Research Spotlight on Universal Design for Learning
NEA Reviews of the Research on Best Practices in Education
Universal Design for Learning (UDL) is a framework for designing educational environments that enable all learners to gain knowledge, skills, and enthusiasm for learning.
The term "universal design" is borrowed from the movement in architecture and product development that calls for features to accommodate a vast variety of users, including those with disabilities, such as curb cuts, automatic doors, video captioning, and speakerphones. A universally designed curriculum is designed from the outset to meet the needs of the greatest number of users, making costly, time-consuming, and after-the-fact changes to curriculum unnecessary.
As any educator knows, students come to the classroom with a variety of needs, skills, talents, and interests. For many learners, the typical curriculum—which includes goals, instructional methods, classroom materials, and assessments—is littered with barriers and roadblocks, while supports are relatively few. Faced with an inflexible curriculum, students and teachers are expected to make extraordinary adjustments. UDL turns this scenario around, placing the burden to adapt on the curriculum itself. (Rose and Meyer, 2006)
Educators, including curriculum and assessment designers, can improve educational outcomes for diverse learners by applying the following principles to the development of goals, instructional methods, classroom materials and assessments:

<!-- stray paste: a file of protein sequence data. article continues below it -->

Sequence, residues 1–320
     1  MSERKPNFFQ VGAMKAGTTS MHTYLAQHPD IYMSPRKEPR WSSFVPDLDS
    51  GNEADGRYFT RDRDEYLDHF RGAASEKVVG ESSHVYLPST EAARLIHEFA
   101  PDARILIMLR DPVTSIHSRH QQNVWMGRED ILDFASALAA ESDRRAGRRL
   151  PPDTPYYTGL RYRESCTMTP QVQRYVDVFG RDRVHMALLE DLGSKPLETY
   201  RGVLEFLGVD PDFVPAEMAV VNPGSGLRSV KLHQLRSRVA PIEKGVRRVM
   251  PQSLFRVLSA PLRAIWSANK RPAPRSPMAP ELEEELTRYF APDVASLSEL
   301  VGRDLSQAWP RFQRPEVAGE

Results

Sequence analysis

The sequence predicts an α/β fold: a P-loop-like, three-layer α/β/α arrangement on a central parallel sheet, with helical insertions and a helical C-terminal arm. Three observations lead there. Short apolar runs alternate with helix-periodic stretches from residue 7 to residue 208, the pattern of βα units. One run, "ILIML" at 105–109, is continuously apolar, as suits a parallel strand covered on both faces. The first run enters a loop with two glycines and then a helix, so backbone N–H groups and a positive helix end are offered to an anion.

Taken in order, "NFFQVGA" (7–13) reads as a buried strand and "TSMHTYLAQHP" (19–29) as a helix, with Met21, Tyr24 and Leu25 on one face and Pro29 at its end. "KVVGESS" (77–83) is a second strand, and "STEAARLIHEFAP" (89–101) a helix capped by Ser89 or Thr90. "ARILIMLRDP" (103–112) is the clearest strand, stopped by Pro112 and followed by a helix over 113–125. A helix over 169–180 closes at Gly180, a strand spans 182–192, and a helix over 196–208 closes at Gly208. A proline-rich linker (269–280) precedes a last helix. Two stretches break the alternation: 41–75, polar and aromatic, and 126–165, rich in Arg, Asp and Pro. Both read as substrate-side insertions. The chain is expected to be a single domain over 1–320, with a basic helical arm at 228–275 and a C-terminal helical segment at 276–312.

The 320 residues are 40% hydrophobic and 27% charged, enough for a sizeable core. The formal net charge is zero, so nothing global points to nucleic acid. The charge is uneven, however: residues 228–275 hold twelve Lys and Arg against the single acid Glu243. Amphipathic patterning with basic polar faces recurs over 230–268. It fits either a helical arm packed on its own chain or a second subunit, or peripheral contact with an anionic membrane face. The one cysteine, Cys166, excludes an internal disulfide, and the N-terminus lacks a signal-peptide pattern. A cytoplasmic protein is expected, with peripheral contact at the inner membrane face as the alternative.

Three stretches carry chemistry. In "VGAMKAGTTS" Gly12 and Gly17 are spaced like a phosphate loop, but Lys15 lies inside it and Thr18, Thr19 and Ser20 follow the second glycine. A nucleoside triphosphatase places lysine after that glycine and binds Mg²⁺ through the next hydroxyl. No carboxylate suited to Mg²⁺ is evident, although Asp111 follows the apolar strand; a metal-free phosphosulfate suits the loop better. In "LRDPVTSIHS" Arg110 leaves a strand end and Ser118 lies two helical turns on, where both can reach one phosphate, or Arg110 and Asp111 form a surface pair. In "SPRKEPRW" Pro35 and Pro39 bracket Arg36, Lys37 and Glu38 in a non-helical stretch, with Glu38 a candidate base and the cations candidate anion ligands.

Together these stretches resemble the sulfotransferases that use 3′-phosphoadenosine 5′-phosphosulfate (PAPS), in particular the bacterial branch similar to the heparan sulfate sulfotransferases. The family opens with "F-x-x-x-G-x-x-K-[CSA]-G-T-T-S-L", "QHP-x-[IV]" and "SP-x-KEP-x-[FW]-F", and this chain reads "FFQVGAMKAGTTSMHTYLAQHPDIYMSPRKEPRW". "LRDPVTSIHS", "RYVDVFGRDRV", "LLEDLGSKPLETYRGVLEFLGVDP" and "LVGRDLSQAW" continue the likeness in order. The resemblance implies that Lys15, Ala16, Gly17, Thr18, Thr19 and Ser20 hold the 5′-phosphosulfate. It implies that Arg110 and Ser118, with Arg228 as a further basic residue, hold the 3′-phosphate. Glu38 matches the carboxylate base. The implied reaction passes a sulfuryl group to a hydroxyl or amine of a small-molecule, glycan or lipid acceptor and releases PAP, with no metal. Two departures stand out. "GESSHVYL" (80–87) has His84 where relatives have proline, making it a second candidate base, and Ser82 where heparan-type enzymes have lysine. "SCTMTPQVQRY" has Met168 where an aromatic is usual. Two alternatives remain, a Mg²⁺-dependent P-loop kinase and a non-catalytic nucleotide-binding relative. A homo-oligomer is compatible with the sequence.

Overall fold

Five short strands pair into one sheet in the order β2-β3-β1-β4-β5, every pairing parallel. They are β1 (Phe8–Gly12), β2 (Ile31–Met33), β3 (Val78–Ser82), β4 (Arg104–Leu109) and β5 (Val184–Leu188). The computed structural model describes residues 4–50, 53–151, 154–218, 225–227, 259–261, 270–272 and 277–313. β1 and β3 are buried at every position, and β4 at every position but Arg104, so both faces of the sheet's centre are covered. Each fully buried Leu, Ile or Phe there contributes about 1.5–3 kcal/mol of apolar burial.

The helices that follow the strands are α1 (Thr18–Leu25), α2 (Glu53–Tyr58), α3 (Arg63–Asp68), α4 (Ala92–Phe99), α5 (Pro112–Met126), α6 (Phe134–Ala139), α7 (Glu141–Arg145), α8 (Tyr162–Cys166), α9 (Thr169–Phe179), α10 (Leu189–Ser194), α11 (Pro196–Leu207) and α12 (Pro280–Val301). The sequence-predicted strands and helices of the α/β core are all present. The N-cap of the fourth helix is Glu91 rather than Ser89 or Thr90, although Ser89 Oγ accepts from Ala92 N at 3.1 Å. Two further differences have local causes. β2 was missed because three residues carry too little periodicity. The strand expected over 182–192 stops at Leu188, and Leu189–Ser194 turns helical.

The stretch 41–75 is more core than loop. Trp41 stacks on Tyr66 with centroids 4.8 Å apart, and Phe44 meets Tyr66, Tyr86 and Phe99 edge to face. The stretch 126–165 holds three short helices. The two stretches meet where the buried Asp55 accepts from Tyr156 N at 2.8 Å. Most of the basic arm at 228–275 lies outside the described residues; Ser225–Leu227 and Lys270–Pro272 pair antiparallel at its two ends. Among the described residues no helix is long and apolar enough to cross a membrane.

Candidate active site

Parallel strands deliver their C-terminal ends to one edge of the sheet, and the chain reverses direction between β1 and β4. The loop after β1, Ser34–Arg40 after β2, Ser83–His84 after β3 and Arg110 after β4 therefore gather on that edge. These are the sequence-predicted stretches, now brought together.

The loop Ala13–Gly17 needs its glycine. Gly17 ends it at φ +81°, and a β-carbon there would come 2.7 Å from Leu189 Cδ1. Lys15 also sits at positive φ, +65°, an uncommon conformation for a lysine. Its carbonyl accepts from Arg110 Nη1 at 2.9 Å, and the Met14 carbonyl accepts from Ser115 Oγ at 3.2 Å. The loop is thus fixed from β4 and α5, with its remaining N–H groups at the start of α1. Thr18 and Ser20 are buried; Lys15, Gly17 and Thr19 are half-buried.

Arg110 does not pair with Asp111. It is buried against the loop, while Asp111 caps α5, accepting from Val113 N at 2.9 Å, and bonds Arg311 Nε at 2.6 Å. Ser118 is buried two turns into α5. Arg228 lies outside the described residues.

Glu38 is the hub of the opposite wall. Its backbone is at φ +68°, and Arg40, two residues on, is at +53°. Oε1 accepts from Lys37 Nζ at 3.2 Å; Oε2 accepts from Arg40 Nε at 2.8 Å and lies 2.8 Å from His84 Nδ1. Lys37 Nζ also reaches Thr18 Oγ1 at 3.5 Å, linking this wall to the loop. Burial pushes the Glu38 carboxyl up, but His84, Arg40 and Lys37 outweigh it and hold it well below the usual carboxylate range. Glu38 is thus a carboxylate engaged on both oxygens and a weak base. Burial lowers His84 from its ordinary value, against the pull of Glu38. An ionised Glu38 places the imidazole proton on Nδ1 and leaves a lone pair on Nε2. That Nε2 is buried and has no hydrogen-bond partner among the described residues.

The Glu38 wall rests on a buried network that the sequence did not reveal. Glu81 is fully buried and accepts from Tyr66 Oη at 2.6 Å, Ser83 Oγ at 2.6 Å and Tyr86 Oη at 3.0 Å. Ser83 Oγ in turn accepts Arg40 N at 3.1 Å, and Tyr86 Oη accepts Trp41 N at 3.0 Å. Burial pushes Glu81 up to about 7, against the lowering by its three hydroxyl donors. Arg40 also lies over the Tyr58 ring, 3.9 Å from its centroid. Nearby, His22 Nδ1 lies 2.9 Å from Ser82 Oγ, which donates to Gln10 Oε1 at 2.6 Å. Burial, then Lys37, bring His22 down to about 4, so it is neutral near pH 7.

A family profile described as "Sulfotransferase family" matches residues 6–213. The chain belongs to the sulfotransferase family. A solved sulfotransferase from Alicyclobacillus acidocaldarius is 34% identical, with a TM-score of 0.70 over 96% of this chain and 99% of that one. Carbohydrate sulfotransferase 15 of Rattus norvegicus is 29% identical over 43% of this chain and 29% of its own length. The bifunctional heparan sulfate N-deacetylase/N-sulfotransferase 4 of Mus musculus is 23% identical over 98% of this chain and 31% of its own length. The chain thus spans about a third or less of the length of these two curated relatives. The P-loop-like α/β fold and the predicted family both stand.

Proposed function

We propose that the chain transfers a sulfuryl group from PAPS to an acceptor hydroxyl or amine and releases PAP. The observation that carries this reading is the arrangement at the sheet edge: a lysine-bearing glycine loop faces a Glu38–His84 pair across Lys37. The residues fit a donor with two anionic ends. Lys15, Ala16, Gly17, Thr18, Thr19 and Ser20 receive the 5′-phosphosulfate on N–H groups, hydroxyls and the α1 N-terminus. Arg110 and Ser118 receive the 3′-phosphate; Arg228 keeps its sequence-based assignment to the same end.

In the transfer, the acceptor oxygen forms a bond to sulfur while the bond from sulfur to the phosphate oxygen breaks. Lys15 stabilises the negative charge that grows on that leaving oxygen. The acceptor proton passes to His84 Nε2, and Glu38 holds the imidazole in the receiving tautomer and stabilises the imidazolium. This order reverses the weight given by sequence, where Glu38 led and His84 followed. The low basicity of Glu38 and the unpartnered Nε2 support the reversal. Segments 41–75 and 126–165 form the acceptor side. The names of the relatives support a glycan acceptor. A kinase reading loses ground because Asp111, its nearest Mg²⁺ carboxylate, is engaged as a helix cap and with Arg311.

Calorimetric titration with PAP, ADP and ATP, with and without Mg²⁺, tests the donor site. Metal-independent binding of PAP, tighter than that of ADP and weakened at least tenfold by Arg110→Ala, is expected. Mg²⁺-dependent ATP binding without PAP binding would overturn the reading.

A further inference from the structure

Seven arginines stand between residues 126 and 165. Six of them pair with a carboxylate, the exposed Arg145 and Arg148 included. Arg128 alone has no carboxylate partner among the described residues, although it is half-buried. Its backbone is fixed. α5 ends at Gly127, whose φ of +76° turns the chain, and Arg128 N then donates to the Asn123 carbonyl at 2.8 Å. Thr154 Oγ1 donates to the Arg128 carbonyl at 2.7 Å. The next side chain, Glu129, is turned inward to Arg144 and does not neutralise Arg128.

- Presenting information and content in different ways (the “what” of learning)
- Differentiating the ways that students can express what they know (the “how” of learning)
- Stimulating interest and motivation for learning (the “why” of learning)
Students differ from one another in many ways and present unique learning needs in the classroom setting, yet high standards are important for all students. By incorporating supports for particular students, it is possible to improve learning experiences for everyone, without the need for specialized adaptations down the line.
Rose, D. H., & Meyer, A. (2006). A practical reader in Universal Design for Learning. Cambridge, Mass.: Harvard Education Press.
- Universal Design Introduction and Background
Adapted from the Universal Design for Learning Webinar, co-sponsored by the National Center for Learning Disabilities, the Arizona Literacy and Learning Center and the Council for Exceptional Children.
- Universal Design Q&A for Educators and Administrators
Answers to the most commonly asked questions about Universal Design asked by educators and administrators.
- A Parent’s Guide to Universal Design for Learning (UDL) (( PDF, 14 pgs.)
This advocacy brief helps parents learn the basic details of UDL, review a case study, and get helpful tips for talking with your school about this framework.
- Universal Design for Learning Podcast on LD.org
Listen to this podcast featuring Skip Stahl, director of Technical Assistance at the Center for Applied Special Technology (CAST), project director for the National Instructional Materials Accessibility Standard (NIMAS) Development Center, chair of the NIMAS Standard Board, and co-director of the AIM (Accessible Instructional Materials) Consortium, all funded by the Office of Special Education Programs, U.S. Department of Education.
- LD Talk: Universal Design for Learning (UDL): Effective Technology-based Teaching Practices for All Struggling Learners
This chat about UDL provides a blueprint for creating flexible goals, methods, materials, and assessments that accommodate learner differences. From a series of onlinediscussions of topics of interest to the learning disabilities community.
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